Tag Archives: Living Will

Common mistakes when writing a will

Business ClipartEveryone is going to die; that’s a fact.  And everyone should have a will.  That’s another fact.  If you die without a will, the probate court will decide what happens to  your assets; you won’t.

My father died about 15 years ago.  He left a will he had prepared himself, typed on his old electric typewriter and had a few friends sign as witnesses.  I don’t know how he decided what to put in the will and the wording to use.  All I know is that after he died, when I tried to probate the will, there were some problems with it and it took a while to get them resolved.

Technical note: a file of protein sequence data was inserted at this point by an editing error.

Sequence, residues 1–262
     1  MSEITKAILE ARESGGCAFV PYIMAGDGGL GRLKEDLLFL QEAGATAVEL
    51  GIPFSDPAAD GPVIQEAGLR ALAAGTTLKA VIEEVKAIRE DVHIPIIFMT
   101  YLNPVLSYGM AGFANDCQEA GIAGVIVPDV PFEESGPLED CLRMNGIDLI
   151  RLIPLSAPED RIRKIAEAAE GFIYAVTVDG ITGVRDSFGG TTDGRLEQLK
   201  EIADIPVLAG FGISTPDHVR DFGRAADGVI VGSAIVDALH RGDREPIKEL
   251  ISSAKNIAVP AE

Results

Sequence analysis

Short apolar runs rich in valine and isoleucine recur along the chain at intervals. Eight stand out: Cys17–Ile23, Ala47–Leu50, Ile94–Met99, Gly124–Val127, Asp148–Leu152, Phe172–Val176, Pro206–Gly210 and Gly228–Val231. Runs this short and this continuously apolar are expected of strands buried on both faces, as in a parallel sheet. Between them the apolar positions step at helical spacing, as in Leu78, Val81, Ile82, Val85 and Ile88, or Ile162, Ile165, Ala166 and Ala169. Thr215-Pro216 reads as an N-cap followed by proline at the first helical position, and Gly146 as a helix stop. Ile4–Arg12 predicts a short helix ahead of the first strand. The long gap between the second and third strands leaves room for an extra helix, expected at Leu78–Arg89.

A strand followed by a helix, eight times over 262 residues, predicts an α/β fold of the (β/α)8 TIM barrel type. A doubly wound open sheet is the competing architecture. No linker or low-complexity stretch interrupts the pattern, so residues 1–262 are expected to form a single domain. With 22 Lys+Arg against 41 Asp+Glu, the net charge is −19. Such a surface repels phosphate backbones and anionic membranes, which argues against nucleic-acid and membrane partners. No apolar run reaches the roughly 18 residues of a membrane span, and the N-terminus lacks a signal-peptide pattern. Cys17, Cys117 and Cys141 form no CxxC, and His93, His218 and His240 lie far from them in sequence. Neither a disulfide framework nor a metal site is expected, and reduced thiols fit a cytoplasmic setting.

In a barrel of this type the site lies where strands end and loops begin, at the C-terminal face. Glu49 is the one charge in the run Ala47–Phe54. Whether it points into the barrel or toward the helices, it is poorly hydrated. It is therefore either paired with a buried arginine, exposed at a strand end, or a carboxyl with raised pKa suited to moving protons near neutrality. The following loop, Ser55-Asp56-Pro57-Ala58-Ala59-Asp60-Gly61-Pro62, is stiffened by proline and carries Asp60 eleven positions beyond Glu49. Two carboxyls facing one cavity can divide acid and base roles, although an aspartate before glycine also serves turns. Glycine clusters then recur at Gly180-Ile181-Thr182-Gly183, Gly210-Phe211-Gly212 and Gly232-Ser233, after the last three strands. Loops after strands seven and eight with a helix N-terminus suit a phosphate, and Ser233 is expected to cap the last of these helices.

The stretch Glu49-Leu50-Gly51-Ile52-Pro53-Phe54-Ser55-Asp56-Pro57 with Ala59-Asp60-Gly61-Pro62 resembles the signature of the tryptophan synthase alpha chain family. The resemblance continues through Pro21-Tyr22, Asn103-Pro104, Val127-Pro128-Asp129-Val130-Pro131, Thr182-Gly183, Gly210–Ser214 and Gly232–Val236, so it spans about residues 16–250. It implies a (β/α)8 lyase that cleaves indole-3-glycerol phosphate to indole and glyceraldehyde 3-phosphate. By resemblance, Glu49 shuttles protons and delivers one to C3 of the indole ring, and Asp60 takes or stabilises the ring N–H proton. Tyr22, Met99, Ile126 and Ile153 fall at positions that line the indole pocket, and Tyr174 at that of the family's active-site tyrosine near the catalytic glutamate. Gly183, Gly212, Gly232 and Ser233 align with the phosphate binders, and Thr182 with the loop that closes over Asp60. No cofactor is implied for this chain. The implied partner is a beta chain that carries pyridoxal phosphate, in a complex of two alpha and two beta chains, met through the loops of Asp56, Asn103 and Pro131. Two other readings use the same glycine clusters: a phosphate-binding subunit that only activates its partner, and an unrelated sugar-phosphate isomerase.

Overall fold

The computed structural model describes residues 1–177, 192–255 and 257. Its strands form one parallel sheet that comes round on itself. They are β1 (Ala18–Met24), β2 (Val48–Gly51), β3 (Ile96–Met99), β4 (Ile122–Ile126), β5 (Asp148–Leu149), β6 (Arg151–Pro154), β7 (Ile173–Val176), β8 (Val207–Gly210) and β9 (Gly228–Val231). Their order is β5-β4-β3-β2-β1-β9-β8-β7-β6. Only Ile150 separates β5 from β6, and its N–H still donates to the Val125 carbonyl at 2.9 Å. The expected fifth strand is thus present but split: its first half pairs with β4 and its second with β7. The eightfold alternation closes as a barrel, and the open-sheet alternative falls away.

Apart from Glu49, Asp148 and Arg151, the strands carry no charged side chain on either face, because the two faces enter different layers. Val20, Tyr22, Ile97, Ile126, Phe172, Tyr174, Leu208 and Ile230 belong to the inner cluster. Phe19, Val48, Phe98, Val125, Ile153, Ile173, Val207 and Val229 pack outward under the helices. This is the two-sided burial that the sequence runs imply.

If you don’t want to go to an attorney to have a will prepared that you know will be written properly, you should at least be aware of some common mistakes that you should avoid.

I recently came across a blog on findlaw.com that clearly describes 10 of the most common mistakes.  You should definitely read it so you don’t make the same mistakes my dad did.

For further information about wills, trusts, probate and end of life planning go to www.diesmart.com.

Why you need a living will & healthcare power of attorney

terri schiavo

Most people don’t like to think about what will happen if they’re in an accident or come down with a catastrophic illness.  They don’t decide who they want to speak for them if they are unable to communicate their wishes themselves.  They don’t tell anyone what kind of care they want….or don’t want.  Once they are hurt or incapacitated, it may be too late.